If there’s stigma, there shouldn’t be; but it’s not my problem. Hanging from a cursed cross, outside the city walls, bearing sin that wasn’t His, we follow a stigmatised Saviour. Which is God’s master-plan for all we need; in Him, God draws close to us whose minds are in plaster. If we know others for whom this is also the case, then let us sit with them. As the stigmatised Saviour does with all of us.
Also in this series:
These posts are based on a series of sermons
A series of posts looking at famous Bible people and how they’re a bit more like us than we may imagine.
Think of the man who wrote a good part of the New Testament (Paul) and the first words that come to mind probably aren’t “man whose prayer didn’t get answered”. There are good many other phrases that might come to your mind: genius, great writer, leader, certain, inspired, ethical, apostle, convert, road to Damascus, church-planter, missionary. Or maybe there are other, less-complementary words that come to your mind (of which the equally Biblical ‘hard to understand’ may be the mildest). Love him or hate him, he’s one of the single most influential people in the history of the Christian faith. It’s apparent that God used him to communicate some eternal truths and to help us understand what the story of Jesus’ life and death and resurrection as told in the 4 gospels means for us.
So what sort of person was he? What, when pressed, defined him in his own eyes and, most importantly, in God’s eyes? We get a fascinating insight into that in the letter we now call 2 Corinthians. It’s markedly different to the CV’s of the influencers in the early 21st-century:
I’ve worked much harder, been jailed more often, beaten up more times than I can count, and at death’s door time after time. I’ve been flogged five times with the Jews’ thirty-nine lashes, beaten by Roman rods three times, pummeled with rocks once. I’ve been shipwrecked three times, and immersed in the open sea for a night and a day. In hard traveling year in and year out, I’ve had to ford rivers, fend off robbers, struggle with friends, struggle with foes. I’ve been at risk in the city, at risk in the country, endangered by desert sun and sea storm, and betrayed by those I thought were my brothers. I’ve known drudgery and hard labor, many a long and lonely night without sleep, many a missed meal, blasted by the cold, naked to the weather.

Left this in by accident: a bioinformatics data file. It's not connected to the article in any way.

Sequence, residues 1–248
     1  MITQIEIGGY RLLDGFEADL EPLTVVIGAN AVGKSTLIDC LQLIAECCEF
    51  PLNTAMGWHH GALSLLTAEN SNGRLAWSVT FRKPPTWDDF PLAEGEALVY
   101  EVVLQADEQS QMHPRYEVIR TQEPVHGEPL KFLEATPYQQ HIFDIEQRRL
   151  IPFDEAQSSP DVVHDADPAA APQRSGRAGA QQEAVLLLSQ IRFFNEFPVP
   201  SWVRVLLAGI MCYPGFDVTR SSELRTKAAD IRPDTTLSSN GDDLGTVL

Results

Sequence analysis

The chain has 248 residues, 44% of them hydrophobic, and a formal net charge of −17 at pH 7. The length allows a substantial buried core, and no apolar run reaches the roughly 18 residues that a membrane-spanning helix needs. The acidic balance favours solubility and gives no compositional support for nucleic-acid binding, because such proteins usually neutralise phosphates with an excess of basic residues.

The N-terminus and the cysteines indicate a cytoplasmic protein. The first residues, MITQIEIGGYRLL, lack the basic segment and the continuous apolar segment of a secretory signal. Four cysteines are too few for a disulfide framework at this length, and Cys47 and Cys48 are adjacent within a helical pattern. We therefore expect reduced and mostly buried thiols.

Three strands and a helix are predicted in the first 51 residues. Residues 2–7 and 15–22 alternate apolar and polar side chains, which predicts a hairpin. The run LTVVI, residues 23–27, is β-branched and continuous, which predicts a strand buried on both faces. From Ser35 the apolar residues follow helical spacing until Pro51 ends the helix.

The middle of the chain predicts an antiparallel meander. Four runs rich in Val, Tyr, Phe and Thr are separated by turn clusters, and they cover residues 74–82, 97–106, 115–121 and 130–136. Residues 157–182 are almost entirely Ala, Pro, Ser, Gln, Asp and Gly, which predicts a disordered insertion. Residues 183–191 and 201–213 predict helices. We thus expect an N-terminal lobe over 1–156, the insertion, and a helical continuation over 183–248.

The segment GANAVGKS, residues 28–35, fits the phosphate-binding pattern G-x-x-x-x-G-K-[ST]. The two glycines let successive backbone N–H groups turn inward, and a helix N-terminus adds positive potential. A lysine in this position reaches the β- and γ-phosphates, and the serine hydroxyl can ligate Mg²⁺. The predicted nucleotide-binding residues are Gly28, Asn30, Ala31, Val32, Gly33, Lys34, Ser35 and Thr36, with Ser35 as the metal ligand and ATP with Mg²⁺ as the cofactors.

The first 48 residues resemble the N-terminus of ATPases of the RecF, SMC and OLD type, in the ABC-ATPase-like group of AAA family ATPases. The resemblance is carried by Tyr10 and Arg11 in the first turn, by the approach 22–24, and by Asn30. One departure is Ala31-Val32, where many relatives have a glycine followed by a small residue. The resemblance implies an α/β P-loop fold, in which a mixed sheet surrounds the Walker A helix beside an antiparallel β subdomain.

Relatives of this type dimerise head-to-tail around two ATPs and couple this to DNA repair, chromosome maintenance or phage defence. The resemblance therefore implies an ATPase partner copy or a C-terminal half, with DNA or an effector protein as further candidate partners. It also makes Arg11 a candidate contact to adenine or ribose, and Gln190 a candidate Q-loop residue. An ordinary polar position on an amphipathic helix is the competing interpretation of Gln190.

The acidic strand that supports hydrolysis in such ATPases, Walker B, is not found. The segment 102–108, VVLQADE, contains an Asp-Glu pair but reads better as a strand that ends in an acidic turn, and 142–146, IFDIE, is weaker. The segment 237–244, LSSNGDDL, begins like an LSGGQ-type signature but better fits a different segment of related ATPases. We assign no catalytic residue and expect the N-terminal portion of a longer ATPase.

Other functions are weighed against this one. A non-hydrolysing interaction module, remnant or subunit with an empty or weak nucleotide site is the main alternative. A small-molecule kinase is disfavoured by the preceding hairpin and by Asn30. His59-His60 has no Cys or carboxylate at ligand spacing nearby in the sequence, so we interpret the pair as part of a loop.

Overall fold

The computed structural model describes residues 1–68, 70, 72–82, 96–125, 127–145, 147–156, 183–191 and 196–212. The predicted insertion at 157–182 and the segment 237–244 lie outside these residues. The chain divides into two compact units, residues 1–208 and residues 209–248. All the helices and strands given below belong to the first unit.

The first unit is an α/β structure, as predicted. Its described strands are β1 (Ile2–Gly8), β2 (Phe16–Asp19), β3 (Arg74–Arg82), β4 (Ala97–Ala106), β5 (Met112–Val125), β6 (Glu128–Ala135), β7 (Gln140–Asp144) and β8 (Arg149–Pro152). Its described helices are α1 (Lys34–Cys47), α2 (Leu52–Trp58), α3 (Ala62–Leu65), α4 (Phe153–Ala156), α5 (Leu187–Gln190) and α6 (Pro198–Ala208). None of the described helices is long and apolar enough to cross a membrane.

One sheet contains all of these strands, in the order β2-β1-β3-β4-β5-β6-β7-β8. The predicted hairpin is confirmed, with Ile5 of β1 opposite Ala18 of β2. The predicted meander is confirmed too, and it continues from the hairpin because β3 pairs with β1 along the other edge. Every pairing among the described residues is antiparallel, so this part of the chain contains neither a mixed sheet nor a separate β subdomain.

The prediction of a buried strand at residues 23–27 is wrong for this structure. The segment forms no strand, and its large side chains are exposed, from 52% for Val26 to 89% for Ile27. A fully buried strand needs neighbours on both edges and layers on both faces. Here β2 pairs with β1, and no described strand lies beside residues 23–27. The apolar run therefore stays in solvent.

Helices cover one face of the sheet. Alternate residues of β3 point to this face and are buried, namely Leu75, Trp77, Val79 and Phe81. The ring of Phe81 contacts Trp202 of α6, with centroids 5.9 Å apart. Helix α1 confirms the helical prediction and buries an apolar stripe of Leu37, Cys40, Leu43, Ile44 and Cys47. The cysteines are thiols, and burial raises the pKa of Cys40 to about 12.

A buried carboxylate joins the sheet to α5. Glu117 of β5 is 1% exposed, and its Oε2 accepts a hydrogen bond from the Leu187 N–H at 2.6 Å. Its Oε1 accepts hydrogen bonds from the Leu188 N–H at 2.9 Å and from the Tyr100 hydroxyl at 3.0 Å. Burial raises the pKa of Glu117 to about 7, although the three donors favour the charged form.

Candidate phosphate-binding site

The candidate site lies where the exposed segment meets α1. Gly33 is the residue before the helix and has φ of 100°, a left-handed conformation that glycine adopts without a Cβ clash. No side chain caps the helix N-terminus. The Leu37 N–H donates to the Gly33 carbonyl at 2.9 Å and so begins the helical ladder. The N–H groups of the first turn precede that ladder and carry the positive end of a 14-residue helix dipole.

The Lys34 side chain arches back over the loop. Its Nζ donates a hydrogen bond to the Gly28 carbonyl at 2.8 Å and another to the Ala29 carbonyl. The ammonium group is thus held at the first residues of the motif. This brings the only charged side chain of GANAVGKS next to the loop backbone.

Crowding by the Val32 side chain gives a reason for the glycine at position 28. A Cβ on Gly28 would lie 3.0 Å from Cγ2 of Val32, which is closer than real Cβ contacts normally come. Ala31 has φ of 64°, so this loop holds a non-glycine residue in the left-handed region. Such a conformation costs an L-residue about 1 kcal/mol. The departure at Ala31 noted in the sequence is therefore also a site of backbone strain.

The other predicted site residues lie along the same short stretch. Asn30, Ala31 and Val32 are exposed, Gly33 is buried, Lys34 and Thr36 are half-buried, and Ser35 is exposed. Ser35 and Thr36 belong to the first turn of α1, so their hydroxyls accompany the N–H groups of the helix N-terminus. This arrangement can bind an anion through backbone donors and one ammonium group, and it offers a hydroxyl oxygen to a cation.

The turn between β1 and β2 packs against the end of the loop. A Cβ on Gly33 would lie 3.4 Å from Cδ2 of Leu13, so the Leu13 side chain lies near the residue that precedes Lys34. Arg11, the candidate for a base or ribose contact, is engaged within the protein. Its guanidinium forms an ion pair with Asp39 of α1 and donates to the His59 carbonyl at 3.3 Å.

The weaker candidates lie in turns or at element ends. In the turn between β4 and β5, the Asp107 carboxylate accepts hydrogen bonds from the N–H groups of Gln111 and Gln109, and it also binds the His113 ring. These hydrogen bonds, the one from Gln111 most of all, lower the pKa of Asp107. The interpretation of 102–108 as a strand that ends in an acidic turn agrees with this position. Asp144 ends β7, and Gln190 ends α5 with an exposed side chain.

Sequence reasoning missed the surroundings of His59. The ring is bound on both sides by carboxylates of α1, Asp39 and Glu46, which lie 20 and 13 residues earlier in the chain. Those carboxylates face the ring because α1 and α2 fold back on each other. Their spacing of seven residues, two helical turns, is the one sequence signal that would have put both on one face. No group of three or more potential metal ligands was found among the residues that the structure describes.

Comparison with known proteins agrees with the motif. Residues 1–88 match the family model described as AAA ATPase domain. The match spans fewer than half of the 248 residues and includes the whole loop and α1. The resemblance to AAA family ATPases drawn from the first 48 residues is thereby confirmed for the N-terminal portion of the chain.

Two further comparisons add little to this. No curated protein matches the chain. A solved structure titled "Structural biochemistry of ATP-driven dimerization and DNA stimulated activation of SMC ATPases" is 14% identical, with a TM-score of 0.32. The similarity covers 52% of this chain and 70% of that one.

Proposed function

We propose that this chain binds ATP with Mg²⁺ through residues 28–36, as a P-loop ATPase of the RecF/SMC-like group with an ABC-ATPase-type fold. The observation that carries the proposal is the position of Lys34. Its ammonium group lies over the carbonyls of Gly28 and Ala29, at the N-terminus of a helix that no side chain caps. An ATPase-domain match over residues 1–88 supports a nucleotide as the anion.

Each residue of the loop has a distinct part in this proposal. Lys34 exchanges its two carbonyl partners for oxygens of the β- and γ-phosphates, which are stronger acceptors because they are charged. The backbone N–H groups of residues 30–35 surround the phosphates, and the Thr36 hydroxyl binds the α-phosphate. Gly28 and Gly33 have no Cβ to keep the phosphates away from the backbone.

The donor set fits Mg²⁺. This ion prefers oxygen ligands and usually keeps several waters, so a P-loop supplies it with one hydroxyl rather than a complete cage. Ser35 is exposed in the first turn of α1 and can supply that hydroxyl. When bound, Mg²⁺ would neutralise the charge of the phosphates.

And that’s not the half of it, when you throw in the daily pressures and anxieties of all the churches. When someone gets to the end of his rope, I feel the desperation in my bones. When someone is duped into sin, an angry fire burns in my gut.
If I have to “brag” about myself, I’ll brag about the humiliations that make me like Jesus
(2 Corinthians 11:23-33, The Message)
We want our leaders to be in control; Paul admits to anxiety.
We expect leaders to have good relationships; Paul’s had arguments with friends.
We expect moral cleanliness from those in charge; Paul openly admits to plenty of time in prison and to being on the receiving end of brutal punishments.
We want to follow people characterised by strong competence; Paul invites us to follow him because he’s weak and he’s suffered.
He boasts about the things that have humiliated him and led to suffering because it’s in them that he finds himself to be similar to Jesus. Jesus, so anxious that He sweat drops of blood; feared God had abandoned Him; was betrayed and let down by close friends; was punished by the powers-that-be.
That’s not all. For Paul, there was more.